Bring on the Heat Running!

Updated: Oct 17



It’s that time of the year again - summer has officially started and with it has come a heat that can make running feel insurmountable.

“I just don’t perform well in the heat” is something I admittedly used to say quite frequently. I truly thought that I would never be able to pull out good performances if it was above 80F. Growing up in Iowa, with extreme humidity and heat indexes frequently above 100F, my training often dwindled in the summer as a result.

Over the past couple of years, I have learned that anyone can perform well in the heat through strategic and careful planning. My first 50-mile race finish happened in 94F+ weather, which helps prove that even cold weather aficionados don’t have to shy away from hot races. Here are some things to consider as the weather warms up:


1. Slow down!

This is key! We simply cannot expect to continue with normal pacing when running in the heat. When it’s hot out, our heart rate will naturally be higher even if RPE (rate of perceived exertion) is kept the same - which basically means you need to slow down to accommodate for the heat. Slowing down is expected and encouraged. Don’t pay attention to your watch if the pace setting gives you any feeling other than pride - go entirely off of effort!


2. Be intentional with heat exposure

We can do everything to avoid the heat, like running early in the morning or late in the evenings, but sometimes, we have no choice but to train in the heat. Embrace that heat and the potential performance benefits that can come along with it! Start off only with easy runs in the heat, and try to keep any key workout sessions during the cooler parts of the day. Over time, you will likely be able to increase efforts in the heat, but still, try to avoid really important workouts in peak heat. Your output will be lower in high heat, which is not the goal of those key speed sessions.

3. Cover up

Cooling products and light-colored gear can make the world of a difference when training in the heat. Hats, sunglasses, ice bandanas (which I’ll discuss further in #4), white arm sleeves, and UPF clothing can help keep body temperature down. These days, you will rarely see me running in the sun without a white hat. Since I have dark hair, the top of my head gets REALLY hot in the sun, even if the temperature isn’t that hot out. Light-colored hats have helped immensely!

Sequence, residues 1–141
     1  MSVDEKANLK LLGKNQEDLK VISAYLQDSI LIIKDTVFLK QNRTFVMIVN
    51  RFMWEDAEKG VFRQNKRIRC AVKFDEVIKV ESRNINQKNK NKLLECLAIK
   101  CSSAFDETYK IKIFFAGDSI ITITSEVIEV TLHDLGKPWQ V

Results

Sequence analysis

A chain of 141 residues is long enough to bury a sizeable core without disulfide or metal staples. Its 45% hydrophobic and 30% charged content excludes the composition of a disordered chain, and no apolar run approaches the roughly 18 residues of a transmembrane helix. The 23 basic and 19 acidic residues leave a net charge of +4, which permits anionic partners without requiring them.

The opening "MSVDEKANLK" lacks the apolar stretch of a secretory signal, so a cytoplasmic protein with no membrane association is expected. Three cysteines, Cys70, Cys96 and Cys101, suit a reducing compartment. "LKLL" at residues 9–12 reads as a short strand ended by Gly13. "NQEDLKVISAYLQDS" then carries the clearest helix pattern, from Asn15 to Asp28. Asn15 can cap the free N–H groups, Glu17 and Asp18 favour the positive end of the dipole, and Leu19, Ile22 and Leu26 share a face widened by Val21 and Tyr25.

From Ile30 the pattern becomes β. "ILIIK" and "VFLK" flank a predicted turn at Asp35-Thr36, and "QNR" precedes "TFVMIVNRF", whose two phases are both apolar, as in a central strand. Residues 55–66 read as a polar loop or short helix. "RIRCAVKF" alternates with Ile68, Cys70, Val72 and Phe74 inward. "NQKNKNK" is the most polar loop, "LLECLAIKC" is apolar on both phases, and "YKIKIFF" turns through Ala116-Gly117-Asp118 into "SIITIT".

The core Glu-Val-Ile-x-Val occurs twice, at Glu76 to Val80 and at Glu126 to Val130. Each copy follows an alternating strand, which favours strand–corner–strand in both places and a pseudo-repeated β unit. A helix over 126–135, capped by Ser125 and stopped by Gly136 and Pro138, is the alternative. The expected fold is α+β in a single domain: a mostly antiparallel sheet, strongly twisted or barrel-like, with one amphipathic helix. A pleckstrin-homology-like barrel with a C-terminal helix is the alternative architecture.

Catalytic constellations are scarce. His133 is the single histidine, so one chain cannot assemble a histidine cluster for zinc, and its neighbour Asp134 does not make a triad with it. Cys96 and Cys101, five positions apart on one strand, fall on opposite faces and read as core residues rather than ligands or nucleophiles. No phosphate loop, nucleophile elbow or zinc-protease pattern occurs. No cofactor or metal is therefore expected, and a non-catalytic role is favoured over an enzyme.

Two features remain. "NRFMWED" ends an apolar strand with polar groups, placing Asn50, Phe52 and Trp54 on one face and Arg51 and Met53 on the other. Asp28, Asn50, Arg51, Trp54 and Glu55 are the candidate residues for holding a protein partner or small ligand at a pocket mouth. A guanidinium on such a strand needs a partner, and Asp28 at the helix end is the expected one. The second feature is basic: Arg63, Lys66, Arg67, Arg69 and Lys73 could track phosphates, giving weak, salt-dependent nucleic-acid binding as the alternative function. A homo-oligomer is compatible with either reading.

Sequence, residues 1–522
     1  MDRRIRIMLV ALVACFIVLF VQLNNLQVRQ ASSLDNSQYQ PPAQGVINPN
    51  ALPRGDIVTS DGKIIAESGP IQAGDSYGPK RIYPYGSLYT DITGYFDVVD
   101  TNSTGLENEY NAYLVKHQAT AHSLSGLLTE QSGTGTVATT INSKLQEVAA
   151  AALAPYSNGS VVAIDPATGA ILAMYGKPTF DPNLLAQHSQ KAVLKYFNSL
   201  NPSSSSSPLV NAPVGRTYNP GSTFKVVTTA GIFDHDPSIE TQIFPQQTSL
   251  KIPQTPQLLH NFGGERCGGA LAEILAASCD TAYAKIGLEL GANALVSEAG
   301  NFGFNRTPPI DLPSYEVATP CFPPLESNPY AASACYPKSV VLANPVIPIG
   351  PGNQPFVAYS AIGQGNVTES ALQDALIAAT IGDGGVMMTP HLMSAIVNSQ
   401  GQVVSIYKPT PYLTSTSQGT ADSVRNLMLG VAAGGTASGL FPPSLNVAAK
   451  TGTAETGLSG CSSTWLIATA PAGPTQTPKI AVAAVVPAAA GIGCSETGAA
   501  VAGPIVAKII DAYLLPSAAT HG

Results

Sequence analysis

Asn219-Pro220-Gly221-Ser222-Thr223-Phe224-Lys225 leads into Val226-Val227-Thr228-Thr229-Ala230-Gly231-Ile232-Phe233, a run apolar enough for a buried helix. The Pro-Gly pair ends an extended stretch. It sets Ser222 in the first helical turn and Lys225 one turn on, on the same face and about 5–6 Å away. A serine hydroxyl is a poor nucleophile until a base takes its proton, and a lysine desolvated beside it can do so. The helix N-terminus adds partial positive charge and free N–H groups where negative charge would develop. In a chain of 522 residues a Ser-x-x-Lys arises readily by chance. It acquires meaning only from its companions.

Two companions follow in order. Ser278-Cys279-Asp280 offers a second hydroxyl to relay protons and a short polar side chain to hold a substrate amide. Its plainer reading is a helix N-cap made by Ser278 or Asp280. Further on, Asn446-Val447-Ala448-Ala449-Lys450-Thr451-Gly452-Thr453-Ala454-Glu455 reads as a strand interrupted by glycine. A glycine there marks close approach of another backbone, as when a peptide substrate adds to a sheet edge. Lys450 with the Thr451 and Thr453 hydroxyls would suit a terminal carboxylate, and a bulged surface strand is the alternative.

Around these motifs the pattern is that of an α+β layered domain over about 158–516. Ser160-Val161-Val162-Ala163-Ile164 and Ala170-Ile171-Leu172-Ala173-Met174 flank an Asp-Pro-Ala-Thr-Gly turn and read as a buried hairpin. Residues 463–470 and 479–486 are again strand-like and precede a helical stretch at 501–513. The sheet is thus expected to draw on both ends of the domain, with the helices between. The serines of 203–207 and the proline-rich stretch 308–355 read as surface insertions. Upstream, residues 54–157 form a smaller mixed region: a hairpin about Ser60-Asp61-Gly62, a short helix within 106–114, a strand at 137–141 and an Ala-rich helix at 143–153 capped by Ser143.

4. Ice and cooling sessions

If you have to do a longer session or race in the heat, ice can be key! Putting ice in your hat, a bandana on your neck, vest, sports bra, or in arm sleeves, can immensely help keep your body temperature down. If you are running a trail race, load up on ice at every aid station, and if you have a crew, you can even try wearing an ice vest during your aid station stops.

5. Hydrate

Hydrate before AND during your runs. Actually, it’s a good idea to stay hydrated on a daily basis, especially in the summer, no matter your activity level, so drink water and electrolyte drinks before activity to avoid dehydration. You can carry water and electrolytes either via a handheld, vest, or waist pack, and drink during your run. Drink early on and often, which can help keep you cool and avoid mid-run dehydration.

6. Bonus: Heat acclimation strategies

If you are looking ahead at a race that you know will be hot, you can boost heat acclimation ahead of time to prepare. It takes about 2-3 weeks to get heat adaptations, sometimes longer depending on your heat exposure. You can intentionally run in the heat or add in 20-30 minutes of sauna after your run every day for a week. These benefits can happen quickly, but also wear off quickly, so after the week of heat focus, you can maintain benefits by running in the heat intentionally or using the sauna just a few days a week. Stop these a few days before an important race since heat can be stressful to the body.


Caveat

Of course, be aware of the potential for overheating, which can be dangerous. Get approval from a doctor before starting a heat acclimation plan. Always proceed with caution when it comes to any sort of heat training. Ease in very gradually and hydrate!

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